LINCOLN, Neb. -- Defend the First Amendment or leave it in tatters.
The latest tug-of-war over that issue is here in Nebraska where three football players took a knee during the national anthem recently to protest racial inequalities, but everywhere free thought has been quashed recently in the name of ... what?
Because some folks can't abide a silent, non-violent protest? Because college football players should stay in their lane, just play the game or risk losing their scholarships?
What the constitutionally ignorant don't understand is that it's all allowed. In fact, it should be encouraged given our country's history. You know, free speech, the unfettered exchange of ideas.
You don't have to like the players' actions, and that's fine, too. The point is to make you pay attention.
"That's the beautiful thing about this country and how it works," said Michael Rose-Ivey, Nebraska's senior linebacker.
There is a part of Rose-Ivey who wants it all to go away -- the attention. A humble kid from Kansas City has become the second-most visible individual next to Colin Kaepernick on the national anthem issue.
Rose-Ivey and two teammates took a knee prior to Nebraska's Sept. 24 game at Northwestern. It put a Power Five big-time college athletics timestamp on an issue that won't soon fade from view.
But it was the reaction, not the so much the action, that made at least as much news. Rose-Ivey remains bewildered that after that silent, non-violent protest he was called the N-word on social media. He remains depressed his mother had to see and read it.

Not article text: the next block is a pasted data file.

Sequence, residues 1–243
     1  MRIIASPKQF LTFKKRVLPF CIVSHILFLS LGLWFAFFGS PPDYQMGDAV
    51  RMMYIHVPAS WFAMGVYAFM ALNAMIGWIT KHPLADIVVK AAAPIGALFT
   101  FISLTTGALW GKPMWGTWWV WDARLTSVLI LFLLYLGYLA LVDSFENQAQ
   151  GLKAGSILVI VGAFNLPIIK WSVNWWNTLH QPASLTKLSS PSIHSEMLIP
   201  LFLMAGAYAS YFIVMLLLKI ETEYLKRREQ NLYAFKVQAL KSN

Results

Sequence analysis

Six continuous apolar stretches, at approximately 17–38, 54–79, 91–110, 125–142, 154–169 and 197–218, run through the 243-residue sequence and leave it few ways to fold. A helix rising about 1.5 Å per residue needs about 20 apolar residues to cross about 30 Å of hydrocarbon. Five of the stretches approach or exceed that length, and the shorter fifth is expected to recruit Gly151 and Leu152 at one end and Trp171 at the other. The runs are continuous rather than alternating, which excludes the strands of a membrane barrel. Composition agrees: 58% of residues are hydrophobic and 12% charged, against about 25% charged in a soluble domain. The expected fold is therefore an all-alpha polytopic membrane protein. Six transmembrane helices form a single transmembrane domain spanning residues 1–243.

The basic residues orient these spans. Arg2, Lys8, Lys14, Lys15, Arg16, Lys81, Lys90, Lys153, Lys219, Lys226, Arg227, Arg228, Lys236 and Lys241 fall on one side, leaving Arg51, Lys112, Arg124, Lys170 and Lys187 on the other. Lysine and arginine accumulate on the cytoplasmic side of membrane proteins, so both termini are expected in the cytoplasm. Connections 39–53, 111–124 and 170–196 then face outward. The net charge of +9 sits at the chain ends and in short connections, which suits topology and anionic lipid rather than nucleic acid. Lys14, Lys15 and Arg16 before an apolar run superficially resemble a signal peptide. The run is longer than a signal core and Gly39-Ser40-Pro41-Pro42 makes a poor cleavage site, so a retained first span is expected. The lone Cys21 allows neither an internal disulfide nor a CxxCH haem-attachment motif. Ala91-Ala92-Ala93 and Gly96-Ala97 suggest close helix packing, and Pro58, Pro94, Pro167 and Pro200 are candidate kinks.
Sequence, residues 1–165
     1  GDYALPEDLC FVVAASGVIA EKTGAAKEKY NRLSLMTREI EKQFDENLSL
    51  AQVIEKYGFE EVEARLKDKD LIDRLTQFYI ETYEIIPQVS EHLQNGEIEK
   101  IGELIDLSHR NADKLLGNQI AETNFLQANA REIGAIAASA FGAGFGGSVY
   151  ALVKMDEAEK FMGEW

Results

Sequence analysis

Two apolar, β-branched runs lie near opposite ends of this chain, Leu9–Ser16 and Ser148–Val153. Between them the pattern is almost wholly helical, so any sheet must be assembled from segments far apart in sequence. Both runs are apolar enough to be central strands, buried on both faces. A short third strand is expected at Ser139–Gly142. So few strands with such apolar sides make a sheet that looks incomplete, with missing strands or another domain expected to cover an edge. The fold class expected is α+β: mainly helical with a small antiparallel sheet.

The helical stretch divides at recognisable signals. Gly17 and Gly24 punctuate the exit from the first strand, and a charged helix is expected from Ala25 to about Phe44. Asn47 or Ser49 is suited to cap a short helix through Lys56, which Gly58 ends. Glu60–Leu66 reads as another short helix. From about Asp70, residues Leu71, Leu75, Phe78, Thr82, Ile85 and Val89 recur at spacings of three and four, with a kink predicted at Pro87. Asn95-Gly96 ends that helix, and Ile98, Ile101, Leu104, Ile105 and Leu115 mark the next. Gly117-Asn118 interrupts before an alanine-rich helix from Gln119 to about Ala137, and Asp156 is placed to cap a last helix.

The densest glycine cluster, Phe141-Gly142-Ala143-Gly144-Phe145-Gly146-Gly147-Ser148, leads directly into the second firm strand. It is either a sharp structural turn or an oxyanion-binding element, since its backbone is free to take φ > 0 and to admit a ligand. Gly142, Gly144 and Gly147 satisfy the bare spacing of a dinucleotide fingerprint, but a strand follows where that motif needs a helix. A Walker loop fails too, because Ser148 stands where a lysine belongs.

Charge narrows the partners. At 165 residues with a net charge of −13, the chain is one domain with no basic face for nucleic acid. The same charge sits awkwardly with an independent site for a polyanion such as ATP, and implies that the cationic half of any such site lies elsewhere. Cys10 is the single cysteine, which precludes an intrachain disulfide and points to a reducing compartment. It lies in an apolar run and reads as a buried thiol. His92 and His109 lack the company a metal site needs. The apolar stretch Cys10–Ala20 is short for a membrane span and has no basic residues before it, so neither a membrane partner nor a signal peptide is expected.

"That really crushed me on that bus ride to the airport. I'm not going to lie," he said.
We have lost something in the national discussion if it doesn't tolerate free expression. Nebraska governor Pete Ricketts called the players' actions "disgraceful and disrespectful."
The governor has a right to say his piece, too. But let's not get away from the central theme.
"There needs to be an acknowledgement of things done in the past," Rose-Ivey said. "I'm not talking about just talking about it. There needs to be things said to help alleviate the differences.
"People talk about slavery being so far away ..."
In an exclusive interview with CBS Sports, Rose-Ivey spoke with eloquence about the point of the protests. He was reminded an entire generation of folks his age changed the nation's thinking in the 1960s. It wasn't always popular. It was, at times, violent. But history has proven it was also right.
It also helped stop a war.
"I have some faculty members who said they were protesting the Vietnam War on campus," Rose-Ivey recalled with pride.
See? This First Amendment thing isn't new or radical or tearing at the foundation of a democracy. It is a reflection of that democracy. Martin Luther King and Ghandi used similar non-violent protests to change society.
The opposite of the right to express oneself played out in Tiananmen Square 27 years ago.
"Regardless, if you took that knee, I'm going to look at you the same," Nebraska quarterback Tommy Armstrong told his former roommate. "You're still the same people I went to battle with the last four-and-a-half years. You haven't changed."
Maybe the world has. Rose-Ivey certainly thinks so. There is a part of him that doesn't want this attention. But his powerful statement to the media explaining his actions remains one of the highlights of the season.